Don't text and drive (or pay NIS 1,000)
Yesterday the Knesset Economics Committee approved amendments to traffic laws, including a knockout blow to text-addicted drivers.
You can't drive and send text messages from your cell phone at the same time. Or you can, if you insist. But if the traffic police catch you sending text messages while driving, you'll be liable for an NIS 1,000 fine.
Yesterday the Knesset Economics Committee approved amendments to traffic laws, including a knockout blow to text-addicted drivers. The committee has yet to decide on an appropriate fine for reading a text message while driving, but sources in the know say the parliamentarians are looking at about NIS 500. It has long been against the law in Israel to drive while talking on a cell phone unless the phone is plugged into a hands-free device.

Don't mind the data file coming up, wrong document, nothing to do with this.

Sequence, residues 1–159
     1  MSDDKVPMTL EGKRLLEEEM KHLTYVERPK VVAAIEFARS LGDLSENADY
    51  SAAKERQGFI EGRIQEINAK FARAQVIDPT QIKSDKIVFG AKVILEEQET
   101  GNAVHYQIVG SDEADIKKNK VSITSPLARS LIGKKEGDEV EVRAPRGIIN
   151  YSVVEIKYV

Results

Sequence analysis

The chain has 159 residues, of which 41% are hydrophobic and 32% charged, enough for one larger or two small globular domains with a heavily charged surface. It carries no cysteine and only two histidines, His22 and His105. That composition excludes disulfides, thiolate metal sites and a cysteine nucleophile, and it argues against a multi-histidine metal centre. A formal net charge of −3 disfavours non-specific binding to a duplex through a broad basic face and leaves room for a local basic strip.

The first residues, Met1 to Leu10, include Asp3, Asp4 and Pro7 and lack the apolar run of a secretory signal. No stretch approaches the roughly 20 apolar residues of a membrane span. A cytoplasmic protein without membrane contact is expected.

Five months ago, MK Ophir Pines-Paz tabled a private member's bill regarding text messaging, but to expedite the legislative procedure, the concept morphed into an amendment to existing transportation regulations. Pines argues that texting while driving poses a serious danger to the driver and to others. "Writing messages while driving could raise the incidence of traffic accidents and endanger the lives of the driver and of many others," he stated.
Another Transportation Ministry proposal presented to the Knesset Economics Committee in the recent past would forbid the use of an earphone connected to a cell phone while driving, which some drivers have started to use instead of a hands-free device.
But the ministry yanked the proposal for reconsideration after incurring opposition from several MKs, including Gilad Erdan of Likud.
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